For the analytical psychologist Carl Jung surrender took the form of deep self-knowledge and what he describes as plunging down ‘into the dark depths’. He used the term active imagination to describe how he surrendered his conscious psyche in order to explore the deep unconscious. Jung tells us how the experiment eventually began:
It was during Advent of the year 1913 … that I resolved on the decisive step. I was sitting at my desk once more, thinking over my fears. Then I let myself drop. Suddenly it was as though the ground literally gave way beneath my feet … I frequently imagined a steep descent. I even made several attempts to get to the very bottom … It was like a voyage to the moon, or a descent into an empty space … The atmosphere was that of the other world.
During these extraordinary experiences Jung encountered different figures including Elijah and Salome. He recognised Elijah as a personification of the archetype of the wise old man and Salome as an anima figure – they were also he thought embodiments of the Logos and Eros principles. During his encounter out of the figure of Elijah a new person arose whom Jung called Philemon, a numinous figure, who appeared to him on numerous occasions and from whom Jung learnt many things, including the reality of the psyche.
At times he seemed to be quite real as if he were a living personality. I went walking up and down the garden with him, and to me he was what the Indians call a guru … In my fantasies I held conversations with him, and he said things which I had not consciously thought. For I observed clearly that it was he who spoke, not I. He said I treated thoughts as if I generated them myself, but in his view thoughts were like animals in the forest, or people in a room, or birds in the air, and added, “if you should see people in a room you would not think that you had made those people, or that you were responsible for them.”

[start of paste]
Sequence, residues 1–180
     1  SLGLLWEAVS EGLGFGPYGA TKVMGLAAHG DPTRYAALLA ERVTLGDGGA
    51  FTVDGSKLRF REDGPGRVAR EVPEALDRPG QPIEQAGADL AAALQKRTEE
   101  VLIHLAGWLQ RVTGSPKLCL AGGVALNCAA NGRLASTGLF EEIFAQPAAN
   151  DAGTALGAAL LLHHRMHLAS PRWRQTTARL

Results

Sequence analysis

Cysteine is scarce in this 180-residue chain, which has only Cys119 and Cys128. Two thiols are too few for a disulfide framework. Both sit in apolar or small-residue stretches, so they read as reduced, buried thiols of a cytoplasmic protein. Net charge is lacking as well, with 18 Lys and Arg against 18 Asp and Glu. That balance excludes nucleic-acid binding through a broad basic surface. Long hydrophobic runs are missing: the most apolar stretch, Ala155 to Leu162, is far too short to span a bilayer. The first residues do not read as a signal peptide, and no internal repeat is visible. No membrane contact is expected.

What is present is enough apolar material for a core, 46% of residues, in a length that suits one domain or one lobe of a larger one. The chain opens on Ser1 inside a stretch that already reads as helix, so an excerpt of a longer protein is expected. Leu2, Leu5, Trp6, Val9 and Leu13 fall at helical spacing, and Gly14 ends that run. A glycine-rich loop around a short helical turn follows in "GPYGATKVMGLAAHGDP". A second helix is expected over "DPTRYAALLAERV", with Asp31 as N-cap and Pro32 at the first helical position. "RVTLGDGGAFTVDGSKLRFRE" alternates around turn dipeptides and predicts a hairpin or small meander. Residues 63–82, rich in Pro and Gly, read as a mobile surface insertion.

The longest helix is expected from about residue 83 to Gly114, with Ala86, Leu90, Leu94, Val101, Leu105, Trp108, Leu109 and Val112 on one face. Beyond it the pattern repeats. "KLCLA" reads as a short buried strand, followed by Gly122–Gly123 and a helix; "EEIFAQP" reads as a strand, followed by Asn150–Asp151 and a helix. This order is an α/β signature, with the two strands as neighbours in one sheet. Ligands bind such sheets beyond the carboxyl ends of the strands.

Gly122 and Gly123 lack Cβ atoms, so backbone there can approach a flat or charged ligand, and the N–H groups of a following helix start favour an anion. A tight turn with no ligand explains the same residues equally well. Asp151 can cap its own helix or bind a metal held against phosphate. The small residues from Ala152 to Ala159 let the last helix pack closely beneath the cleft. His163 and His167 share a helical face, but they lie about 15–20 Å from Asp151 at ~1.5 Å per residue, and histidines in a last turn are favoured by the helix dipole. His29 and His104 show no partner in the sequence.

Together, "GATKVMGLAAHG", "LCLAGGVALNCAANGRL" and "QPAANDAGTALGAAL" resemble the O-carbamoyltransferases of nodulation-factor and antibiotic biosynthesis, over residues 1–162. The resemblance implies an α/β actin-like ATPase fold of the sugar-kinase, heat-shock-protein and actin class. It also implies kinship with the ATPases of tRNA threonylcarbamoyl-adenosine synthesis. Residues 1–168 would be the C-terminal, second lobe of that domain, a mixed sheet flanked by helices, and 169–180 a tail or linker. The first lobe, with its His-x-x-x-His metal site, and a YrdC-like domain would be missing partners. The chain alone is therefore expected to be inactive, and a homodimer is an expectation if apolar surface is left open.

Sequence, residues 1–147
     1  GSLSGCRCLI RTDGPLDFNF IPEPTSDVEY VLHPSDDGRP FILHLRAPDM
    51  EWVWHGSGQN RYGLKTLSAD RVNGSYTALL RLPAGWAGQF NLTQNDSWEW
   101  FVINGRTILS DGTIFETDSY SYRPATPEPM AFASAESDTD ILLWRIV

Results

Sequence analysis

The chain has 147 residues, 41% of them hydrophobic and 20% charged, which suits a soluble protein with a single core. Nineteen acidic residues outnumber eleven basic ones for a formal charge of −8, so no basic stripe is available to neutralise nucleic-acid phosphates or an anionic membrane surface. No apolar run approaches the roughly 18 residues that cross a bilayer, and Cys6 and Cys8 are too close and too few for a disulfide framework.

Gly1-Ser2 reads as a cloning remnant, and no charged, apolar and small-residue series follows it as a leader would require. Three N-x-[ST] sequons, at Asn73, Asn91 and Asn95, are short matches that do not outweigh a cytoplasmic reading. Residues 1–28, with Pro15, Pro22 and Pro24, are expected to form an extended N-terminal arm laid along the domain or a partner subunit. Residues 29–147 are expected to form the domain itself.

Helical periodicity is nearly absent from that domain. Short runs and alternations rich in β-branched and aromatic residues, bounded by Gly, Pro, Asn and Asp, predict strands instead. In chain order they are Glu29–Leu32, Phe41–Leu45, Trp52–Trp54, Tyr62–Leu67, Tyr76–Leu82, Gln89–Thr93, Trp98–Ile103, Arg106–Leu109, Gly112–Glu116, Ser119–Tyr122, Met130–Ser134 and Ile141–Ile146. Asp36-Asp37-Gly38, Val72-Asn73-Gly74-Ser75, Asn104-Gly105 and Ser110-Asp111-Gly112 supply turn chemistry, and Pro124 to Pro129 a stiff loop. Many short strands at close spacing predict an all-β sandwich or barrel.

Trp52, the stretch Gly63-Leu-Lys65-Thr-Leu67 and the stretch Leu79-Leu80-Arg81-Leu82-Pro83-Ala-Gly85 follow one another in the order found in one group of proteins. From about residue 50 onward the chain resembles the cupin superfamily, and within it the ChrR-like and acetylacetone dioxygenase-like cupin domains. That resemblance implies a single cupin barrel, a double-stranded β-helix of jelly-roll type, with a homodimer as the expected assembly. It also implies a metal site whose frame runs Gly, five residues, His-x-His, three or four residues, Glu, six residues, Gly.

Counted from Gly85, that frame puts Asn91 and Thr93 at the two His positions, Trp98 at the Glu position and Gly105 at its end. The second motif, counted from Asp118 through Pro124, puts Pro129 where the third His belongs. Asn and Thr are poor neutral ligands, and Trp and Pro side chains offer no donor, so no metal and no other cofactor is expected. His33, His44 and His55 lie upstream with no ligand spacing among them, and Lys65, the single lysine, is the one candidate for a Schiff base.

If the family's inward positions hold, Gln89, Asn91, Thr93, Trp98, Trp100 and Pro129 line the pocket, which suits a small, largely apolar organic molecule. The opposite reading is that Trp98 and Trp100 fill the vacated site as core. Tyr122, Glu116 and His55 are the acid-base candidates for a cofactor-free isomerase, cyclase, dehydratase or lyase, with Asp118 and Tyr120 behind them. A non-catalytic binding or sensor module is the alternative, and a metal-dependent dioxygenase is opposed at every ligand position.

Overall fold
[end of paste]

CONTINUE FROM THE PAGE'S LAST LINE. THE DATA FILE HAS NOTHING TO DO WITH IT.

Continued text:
Despite the resulting creativity and outpouring of ideas about the unconscious these experiences of deep psychic surrender brought Jung to the edge of madness. Not only did he hear voices, play like a child and walk about his garden holding lengthy conversations with an imaginary companion, but he believed his house to be invaded by spirits. One evening when the front doorbell began ringing frantically when no one was there Jung and his companions could hear the sound and see the bell moving and the air became so thick it was scarcely possible to breathe. Jung asked ‘For God’s sake, what in the world is this?’ The response he writes was that: ‘then they cried out in chorus, “we have come back from Jerusalem where we found not what we sought.”’ Jung’s response was to write his volume Seven Sermons of the Dead over three evenings – as soon as he did so the whole thing evaporated and the atmosphere cleared. ‘The haunting was over.’
But such experiences like this warned him how desperately he needed to keep a hold on reality. His response was to adopt a creative attitude and response to each thing that happened – each needed to be understood but the insight had to be converted into an ethical obligation.